• Israeli firm Tower Semiconductor is to be acquired by Intel for U$5.4 billion (US$7.3 billion), Intel reported on Tuesday (Feb 15). This is the latest move in a major restructuring of the global semiconductor production chain as companies look to diversify to prevent disruptions.
  • Syrian President Bashar al-Assad was visited by Russian Defence Minister Sergei Shoigu on Tuesday (Feb 15). Russia had earlier sent Syria long-range missiles and fighter planes with hypersonic missiles to conduct regional naval drills.
  • Hospitals in Idlib, Syria shut down as budget cuts fall on the medical system, Al Jazeera reported on Wednesday (Feb 16). One hospital was reported to be operating at 50 per cent capacity, lacking in manpower, equipment, power, and disinfectants. A doctor in the hospital remarked that the entire staff could be laid off.
  • Iran and the US declared on Wednesday (Feb 16) that talks to revive the previously agreed-upon Iran nuclear deal are very close to resulting in a deal. The Joint Comprehensive Plan of Action (JCPOA) had been revoked by the previous US president. Signed in 2015, it decreed that Iran scale back on its nuclear programme, in exchange for US lifting of Iran sanctions.
  • The High Judicial Council (HJC) retorted on Thursday (Feb 17) to Tunisian President Kais Saied’s decree to seize judicial power on Feb 10. The HJC said that it was an “attack on the independence of the judiciary”. This comes after months of attempts to seize complete power starting in July 2021.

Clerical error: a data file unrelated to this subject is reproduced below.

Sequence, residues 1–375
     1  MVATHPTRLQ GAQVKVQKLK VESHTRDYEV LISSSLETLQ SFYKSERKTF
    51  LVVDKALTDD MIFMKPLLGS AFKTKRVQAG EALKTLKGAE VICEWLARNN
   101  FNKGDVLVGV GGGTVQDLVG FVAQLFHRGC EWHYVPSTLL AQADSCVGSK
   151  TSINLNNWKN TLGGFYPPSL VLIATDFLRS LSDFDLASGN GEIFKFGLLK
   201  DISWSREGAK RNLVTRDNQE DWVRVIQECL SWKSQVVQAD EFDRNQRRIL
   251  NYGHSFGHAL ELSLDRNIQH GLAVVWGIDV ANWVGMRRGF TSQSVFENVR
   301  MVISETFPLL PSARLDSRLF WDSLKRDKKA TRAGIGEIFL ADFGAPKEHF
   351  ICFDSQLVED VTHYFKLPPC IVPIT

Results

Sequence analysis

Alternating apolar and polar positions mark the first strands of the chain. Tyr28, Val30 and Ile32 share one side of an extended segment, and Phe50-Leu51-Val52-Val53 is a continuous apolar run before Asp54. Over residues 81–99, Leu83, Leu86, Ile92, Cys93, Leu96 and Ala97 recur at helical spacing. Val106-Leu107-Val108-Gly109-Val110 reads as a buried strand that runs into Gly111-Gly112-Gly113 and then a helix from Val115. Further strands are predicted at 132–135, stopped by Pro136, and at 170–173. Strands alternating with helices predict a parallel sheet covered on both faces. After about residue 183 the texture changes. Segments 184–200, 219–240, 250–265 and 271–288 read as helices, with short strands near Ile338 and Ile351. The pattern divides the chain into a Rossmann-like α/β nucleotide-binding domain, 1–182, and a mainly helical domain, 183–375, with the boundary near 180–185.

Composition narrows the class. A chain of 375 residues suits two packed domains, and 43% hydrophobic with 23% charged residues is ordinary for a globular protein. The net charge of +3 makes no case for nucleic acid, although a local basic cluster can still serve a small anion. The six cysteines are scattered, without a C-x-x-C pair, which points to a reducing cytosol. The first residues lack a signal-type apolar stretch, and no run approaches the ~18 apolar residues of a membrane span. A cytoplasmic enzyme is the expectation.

• Israeli forces kill a 17-year-old in clashes between Palestinian civilians and the Israeli military on Monday (Feb 14). Palestinians had reacted after the military had demolished the home of a Palestinian attacker that had been charged in a fatal shooting last year. 11 other civilians were wounded, with two reportedly in serious condition.

Africa:

  • French President Emmanuel Macron said Thursday (Feb 17) that French-led anti-terrorist operations in West Africa will begin their withdrawal from Mali. The withdrawal will take between four to six months. France and its allies will close down military bases in Gossi, Ménaka and Gao and transfer soldiers stationed there to Niger, according to Macron. In a joint statement released, the European and Canadian governments involved in anti-terrorist operations deemed that “the political, operational and legal conditions are no longer met to effectively continue their current military engagement in the fight against terrorism in Mali,” resulting from obstructions by the Malian transitional authorities. Mali has been under military rule after a coup d’etat in 2021.